Insurance guaranty fund watchers say some states seem to be a little more open about guaranty funds than New York state has been.

The New York State Insurance Department drew attention to just how low-profile it wants its guaranty fund to be when department officials ruled that insurance producers in the state cannot legally post a general description of how guaranty funds work on the Web, even if the description includes disclaimers stating that the existence of guaranty funds is not a reason to buy insurance.

Producers in the state cannot even post a link to guaranty fund websites, officials warned.

All producers can do when they get questions about guaranty fund protection is to recommend that consumers contact the insurance department or a licensed insurer, officials said.

An insurer may, “upon a written request, provide information about the guaranty fund to policyholders by means of a form prepared by the guaranty fund and approved by the superintendent of insurance,” officials said.

John Darer, the editor of The Structured Settlement blog, reports that he triggered the New York opinion by sending the New York department a question about a website he saw.

The New York rules are so strict that, if a national trade group posts a general description of guaranty funds, a New York producer who simply refers a client to that part of the trade group website could be breaking the New York rules, Darer says.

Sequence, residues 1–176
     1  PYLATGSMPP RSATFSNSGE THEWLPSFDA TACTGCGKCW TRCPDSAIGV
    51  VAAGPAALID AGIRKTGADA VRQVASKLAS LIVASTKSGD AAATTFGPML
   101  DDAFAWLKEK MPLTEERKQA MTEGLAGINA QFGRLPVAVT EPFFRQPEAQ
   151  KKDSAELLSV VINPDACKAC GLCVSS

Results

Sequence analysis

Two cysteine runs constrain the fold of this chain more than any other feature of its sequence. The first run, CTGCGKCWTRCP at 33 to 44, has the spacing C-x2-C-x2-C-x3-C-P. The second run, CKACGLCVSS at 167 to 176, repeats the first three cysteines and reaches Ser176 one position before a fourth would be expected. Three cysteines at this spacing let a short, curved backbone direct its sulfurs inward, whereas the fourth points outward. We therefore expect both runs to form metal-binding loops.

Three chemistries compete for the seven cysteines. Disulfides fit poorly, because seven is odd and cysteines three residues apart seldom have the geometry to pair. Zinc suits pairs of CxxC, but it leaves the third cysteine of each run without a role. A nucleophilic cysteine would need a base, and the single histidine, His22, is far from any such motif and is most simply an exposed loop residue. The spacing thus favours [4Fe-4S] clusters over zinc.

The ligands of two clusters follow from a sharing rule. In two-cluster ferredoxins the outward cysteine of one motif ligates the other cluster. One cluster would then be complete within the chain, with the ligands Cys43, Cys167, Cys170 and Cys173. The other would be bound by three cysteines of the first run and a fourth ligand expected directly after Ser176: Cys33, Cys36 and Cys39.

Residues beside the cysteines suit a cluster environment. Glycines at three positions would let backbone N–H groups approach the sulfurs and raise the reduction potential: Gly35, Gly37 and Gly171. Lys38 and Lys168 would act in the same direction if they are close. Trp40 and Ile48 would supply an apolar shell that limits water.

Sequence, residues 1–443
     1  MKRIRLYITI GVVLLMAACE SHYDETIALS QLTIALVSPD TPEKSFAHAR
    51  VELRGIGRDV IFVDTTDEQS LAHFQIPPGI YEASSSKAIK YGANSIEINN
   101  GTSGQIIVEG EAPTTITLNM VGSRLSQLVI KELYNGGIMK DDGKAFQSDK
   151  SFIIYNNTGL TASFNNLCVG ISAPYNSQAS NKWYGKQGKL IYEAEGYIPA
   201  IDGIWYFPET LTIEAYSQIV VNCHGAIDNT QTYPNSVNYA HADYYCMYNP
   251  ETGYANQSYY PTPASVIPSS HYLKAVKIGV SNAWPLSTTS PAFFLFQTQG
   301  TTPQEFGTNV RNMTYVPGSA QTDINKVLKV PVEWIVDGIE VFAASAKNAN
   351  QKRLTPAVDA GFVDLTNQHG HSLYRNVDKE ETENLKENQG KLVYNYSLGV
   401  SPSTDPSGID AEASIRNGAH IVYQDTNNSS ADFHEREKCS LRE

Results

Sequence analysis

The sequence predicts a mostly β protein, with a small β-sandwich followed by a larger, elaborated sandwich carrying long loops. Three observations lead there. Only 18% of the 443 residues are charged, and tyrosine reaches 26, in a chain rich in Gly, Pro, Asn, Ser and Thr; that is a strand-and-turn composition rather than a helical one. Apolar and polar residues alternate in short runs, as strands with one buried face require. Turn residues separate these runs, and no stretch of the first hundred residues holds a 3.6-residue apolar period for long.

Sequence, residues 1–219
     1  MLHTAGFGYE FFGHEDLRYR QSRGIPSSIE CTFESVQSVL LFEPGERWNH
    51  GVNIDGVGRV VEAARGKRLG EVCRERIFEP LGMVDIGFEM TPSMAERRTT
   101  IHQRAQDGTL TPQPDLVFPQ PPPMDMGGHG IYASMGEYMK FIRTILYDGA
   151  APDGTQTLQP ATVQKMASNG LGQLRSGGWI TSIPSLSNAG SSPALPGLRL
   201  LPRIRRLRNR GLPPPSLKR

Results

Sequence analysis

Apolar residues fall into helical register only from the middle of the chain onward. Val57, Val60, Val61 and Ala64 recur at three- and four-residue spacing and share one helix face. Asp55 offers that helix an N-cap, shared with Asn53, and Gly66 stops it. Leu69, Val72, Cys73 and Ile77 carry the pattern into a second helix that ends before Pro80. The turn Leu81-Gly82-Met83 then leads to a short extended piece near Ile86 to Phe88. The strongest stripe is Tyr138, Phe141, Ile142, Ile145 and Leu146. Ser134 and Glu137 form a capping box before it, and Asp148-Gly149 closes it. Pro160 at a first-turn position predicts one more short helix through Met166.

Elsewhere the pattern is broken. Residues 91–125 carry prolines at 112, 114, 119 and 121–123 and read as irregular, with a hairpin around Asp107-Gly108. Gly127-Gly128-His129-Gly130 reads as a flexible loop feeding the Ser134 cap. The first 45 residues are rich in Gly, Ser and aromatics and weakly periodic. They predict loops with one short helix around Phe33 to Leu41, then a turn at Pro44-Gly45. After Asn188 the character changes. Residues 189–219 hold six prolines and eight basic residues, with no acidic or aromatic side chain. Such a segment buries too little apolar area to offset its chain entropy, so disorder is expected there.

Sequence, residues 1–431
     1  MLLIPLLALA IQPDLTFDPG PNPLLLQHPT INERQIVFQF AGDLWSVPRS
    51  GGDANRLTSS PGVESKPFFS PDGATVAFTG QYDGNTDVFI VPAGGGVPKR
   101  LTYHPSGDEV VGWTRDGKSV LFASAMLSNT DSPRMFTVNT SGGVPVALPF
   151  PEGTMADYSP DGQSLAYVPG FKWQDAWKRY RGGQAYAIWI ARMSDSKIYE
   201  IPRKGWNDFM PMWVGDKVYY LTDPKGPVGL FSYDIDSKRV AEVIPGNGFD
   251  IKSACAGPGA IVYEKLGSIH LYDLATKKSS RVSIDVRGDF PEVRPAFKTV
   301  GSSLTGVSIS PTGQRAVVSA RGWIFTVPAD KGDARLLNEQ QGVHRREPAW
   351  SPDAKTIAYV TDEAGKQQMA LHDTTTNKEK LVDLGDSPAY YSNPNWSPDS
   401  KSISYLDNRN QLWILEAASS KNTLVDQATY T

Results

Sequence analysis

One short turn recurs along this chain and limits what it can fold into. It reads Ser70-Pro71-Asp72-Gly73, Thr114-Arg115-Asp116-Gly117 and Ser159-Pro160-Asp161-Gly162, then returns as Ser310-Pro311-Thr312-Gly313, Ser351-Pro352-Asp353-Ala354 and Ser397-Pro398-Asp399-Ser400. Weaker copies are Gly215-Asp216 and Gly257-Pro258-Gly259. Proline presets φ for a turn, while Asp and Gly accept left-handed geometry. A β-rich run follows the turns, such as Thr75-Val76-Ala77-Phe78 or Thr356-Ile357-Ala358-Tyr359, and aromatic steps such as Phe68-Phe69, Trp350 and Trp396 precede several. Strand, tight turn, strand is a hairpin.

Guaranty funds tend to take a low profile because of a fear that widespread awareness of the existence of guaranty funds may create “moral hazard,” by encouraging consumers to abandon natural caution and intentionally doing business with weak insurers.

Other concerns include the possibility that producers could describe the funds incorrectly; that publicity about guaranty funds could somehow start or accelerate a “run” on an insurer; and that a financial crisis could affect the ability of guaranty funds to back their guaranties.

But the National Organization of Life & Health Insurance Guaranty Associations (NOLHGA), Herndon, Va., a group founded in 1983, operates a public website that describes how guaranty funds work. A “Welcome” statement on the home page directly answers the question, “What Happens When an Insurance Company Fails?”

The NOLHGA site provides links to the sites of member guaranty funds, including the Life Insurance Company Guaranty Corp. of New York.

The New York guaranty fund also operates a public website, and it answers the questions “What happens when my insurance company becomes insolvent?” and “How is policy coverage determined?” on its own site.

Jack Marrion of Advantage Compendium Ltd., St. Louis, has posted a link to sources of information about guaranty funds at http://www.safemoneyplaces.com/guaranty.htm